What is Microtargeting?
Microtargeting is the theory that very niche audiences (micro-segments) with yet-unknown, and sometimes counter-intuitive preferences, have a high propensity for interest in a specific product or service.
Here’s a (made up) example: people who have just gone to the dentist are 10x more likely to buy a stereo in the next 3 days.
This fictional microtargeting insight would lead stereo advertisers to target people who have just gone to the dentist.
This all makes sense – but you must be asking: how do we know that people that just visited the dentist are more likely to purchase a stereo? This is where the technology comes in. Having seen explosive growth in competition in recent months (and number of competitors), online networks (ad networks, ad exchanges, DSPs, etc…) are trying desperately to differentiate themselves. One of the ways they are doing is this is by uncovering micro-segments (like the dentist-stereo example). They way they do this is by following people around the internet and collecting data. They tag users (with cookies) that have viewed specific content – in the example they would tag users that viewed dental health content – and then follow them around the internet observing their browsing activity for the next 30 days. Capturing millions (or billions) of activities and crunching the numbers with computers, networks can make statistical arguments that these micro-segments exist – and that they can leverage them to benefit advertisers.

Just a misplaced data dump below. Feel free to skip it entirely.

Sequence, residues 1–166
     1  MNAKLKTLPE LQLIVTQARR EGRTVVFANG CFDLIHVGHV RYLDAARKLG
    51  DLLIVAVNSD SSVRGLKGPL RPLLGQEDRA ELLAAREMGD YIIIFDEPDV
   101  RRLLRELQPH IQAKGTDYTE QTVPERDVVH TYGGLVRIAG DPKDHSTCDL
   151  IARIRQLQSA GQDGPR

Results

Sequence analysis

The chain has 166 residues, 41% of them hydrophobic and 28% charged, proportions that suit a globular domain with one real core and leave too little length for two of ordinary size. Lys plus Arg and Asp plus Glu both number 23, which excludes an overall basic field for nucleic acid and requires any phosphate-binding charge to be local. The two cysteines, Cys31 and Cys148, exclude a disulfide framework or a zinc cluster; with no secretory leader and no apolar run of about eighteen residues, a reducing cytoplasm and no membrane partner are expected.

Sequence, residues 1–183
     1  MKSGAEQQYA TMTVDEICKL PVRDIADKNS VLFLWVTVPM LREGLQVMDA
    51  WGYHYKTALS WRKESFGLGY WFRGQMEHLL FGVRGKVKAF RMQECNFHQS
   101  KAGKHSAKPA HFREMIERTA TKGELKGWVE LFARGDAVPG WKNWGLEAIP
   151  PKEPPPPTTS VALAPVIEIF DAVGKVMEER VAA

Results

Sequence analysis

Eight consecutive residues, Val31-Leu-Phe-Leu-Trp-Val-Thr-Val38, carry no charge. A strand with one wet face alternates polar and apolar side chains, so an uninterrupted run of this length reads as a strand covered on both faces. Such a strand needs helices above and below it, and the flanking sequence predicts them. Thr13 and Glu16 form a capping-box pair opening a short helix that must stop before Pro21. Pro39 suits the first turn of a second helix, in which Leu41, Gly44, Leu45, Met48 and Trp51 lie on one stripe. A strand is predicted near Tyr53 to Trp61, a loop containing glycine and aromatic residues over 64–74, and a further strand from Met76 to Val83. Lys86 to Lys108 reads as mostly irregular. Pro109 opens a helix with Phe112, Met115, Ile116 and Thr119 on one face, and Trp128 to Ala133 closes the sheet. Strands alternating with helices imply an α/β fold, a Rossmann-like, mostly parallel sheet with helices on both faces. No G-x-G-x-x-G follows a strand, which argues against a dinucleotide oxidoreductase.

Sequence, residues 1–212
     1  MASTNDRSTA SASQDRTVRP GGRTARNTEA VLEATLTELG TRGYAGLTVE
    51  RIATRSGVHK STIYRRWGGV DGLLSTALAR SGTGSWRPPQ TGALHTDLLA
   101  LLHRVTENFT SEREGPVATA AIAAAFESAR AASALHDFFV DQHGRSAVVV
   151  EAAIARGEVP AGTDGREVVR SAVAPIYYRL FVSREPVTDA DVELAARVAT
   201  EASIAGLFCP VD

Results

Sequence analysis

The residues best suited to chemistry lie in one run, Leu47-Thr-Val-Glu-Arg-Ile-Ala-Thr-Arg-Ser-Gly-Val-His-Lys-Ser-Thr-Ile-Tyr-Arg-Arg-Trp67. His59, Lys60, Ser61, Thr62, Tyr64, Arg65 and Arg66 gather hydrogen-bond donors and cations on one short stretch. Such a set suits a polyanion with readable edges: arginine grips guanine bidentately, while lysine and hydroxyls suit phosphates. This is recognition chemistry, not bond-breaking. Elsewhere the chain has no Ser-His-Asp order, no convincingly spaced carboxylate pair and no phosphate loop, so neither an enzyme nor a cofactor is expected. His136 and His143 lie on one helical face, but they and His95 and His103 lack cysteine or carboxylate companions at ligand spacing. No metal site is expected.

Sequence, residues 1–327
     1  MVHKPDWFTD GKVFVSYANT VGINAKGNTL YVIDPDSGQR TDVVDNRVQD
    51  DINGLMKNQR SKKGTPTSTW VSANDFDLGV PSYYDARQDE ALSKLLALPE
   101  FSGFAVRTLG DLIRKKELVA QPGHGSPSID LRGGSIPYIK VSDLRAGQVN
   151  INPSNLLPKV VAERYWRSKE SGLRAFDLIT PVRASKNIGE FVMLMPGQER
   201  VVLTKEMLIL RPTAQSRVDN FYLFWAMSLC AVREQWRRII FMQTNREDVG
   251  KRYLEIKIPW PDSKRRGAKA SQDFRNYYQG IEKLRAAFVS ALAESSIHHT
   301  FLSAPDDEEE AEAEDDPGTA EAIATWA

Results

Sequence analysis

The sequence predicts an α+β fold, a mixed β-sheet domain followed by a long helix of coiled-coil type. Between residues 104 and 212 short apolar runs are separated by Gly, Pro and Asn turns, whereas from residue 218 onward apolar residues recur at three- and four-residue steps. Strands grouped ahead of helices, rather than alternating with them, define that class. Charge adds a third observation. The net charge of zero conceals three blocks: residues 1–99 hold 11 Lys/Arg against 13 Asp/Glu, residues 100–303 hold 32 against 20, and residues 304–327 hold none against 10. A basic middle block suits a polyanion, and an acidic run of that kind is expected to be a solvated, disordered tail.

Here’s why it’s a fad:
Micro-segments are rare. It’s true that they do occur sometimes (and these rare examples are always highlighted in glorious sales presentations) – but the notion that they exist for every product is inconceivable. Most large advertisers spend hundreds of thousands of dollars a year on consumer segmentation services that interview and survey consumers ad nauseam. These services may overlook an occasional insight, but the idea that they would be ignorant to any substantial segments is not plausible.
It is very interesting (or scary) that networks are able to collect such deep data about consumers – but just because the data is available – does not mean it’s useful. Or, perhaps they just haven’t found a useful way to use it, yet.